With my new library card, I can access information not just by visiting the library, but also remotely via the internet using Cobra (Complete Business Reference Adviser). It’s an absolute treasure chest to me, with information helping me with the day-to-day obstacles I have to overcome to set up my business. In addition, I also have access to valuable marketing information, which I’m using to help plan how to market my business effectively and make the most of my limited financial resources.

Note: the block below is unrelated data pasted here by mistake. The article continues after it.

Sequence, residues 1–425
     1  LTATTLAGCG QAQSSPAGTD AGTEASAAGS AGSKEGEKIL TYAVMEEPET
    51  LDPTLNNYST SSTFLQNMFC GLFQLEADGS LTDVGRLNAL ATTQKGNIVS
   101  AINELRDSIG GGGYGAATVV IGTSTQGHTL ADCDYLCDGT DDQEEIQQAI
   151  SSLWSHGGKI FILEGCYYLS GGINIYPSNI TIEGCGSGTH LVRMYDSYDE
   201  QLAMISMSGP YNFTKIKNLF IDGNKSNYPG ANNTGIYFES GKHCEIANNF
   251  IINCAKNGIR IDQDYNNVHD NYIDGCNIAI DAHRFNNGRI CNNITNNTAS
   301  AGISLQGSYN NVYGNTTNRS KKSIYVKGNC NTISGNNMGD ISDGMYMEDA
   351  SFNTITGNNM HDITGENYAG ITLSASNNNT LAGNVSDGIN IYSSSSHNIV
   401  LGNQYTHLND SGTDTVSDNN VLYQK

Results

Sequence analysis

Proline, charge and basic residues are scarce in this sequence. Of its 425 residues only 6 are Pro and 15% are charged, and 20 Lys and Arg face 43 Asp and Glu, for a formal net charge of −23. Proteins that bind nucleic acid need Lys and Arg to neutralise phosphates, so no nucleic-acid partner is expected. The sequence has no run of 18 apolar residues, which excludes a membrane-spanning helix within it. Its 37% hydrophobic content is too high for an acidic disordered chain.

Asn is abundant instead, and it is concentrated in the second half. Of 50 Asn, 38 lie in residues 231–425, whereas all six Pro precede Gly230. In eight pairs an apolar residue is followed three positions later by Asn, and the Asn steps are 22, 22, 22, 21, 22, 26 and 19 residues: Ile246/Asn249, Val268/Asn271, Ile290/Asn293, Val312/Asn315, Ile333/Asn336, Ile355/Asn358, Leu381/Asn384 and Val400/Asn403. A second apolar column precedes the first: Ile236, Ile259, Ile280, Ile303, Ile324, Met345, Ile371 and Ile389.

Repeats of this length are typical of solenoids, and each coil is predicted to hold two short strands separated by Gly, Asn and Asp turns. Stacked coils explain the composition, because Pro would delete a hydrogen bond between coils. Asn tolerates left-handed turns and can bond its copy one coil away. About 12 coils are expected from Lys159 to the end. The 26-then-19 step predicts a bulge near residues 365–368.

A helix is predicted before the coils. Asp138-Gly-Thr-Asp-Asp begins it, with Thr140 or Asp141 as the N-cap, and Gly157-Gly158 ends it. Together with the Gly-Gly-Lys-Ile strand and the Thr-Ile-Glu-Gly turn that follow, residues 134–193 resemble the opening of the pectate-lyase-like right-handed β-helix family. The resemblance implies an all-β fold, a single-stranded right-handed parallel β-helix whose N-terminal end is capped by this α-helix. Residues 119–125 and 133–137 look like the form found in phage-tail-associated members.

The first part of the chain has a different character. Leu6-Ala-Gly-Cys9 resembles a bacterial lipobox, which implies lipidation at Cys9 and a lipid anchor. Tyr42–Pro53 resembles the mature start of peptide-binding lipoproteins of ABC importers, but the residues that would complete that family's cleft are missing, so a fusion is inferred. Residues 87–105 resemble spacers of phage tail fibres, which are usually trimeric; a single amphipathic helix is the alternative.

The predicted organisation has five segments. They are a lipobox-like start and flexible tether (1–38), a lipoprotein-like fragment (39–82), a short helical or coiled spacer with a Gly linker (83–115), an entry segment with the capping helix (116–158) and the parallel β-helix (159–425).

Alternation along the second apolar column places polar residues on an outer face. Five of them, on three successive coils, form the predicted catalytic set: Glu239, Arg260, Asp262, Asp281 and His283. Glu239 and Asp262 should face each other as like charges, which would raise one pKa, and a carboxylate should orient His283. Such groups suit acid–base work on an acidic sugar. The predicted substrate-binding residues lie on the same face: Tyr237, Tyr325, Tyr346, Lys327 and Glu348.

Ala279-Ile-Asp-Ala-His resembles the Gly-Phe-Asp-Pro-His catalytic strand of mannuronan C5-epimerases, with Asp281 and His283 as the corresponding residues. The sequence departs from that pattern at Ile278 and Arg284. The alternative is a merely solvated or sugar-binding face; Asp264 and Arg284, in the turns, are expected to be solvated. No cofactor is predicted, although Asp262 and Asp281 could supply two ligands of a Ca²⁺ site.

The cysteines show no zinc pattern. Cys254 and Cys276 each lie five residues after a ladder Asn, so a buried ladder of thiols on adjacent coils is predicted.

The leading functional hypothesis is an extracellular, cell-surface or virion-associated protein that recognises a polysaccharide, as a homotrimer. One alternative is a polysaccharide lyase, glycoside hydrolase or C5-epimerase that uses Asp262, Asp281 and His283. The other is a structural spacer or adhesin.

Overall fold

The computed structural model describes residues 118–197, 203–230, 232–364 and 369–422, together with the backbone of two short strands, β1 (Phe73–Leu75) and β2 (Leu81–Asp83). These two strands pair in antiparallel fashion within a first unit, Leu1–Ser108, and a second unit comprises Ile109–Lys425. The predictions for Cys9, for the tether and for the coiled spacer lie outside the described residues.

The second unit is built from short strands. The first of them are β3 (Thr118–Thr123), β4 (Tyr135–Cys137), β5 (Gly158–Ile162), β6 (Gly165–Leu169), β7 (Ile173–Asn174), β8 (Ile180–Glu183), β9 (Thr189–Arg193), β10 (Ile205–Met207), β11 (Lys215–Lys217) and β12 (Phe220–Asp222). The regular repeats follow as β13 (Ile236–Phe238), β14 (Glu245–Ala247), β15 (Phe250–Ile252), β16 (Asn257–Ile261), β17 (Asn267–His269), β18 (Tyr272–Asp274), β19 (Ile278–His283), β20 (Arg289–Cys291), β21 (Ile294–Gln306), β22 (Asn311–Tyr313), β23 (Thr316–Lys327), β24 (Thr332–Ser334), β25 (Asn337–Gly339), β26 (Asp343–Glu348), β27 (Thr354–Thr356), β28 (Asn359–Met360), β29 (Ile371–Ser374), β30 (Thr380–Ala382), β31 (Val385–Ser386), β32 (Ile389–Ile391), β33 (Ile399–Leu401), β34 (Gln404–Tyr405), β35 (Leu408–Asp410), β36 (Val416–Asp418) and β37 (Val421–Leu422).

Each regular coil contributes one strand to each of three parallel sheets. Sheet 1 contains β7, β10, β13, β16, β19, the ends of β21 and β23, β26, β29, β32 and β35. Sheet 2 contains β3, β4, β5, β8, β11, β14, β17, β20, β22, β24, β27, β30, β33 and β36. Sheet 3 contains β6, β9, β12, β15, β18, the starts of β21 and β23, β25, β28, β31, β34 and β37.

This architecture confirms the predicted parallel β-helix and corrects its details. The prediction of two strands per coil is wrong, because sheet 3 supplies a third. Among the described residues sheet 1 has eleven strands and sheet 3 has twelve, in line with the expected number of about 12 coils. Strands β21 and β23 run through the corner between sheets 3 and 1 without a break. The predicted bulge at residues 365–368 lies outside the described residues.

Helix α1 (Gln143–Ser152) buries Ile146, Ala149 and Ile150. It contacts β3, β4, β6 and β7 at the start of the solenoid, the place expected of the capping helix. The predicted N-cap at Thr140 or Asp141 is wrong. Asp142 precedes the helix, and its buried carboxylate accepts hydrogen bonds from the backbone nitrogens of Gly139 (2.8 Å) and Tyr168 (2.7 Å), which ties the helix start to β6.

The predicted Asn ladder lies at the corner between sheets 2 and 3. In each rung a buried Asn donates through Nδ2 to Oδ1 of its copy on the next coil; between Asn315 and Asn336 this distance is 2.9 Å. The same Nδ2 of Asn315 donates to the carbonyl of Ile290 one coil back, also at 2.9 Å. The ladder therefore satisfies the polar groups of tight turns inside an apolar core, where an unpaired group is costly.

At a time when banks are closing doors to new and small businesses, the library has become a haven of information to help me work around that. My library card is probably as valuable as a credit card. What it gives me in information, I am going to be able to use to target customers effectively and allow my business to grow. By providing this service, libraries contribute directly to positive local economic growth, something we shouldn’t forget particularly in the middle of a recession.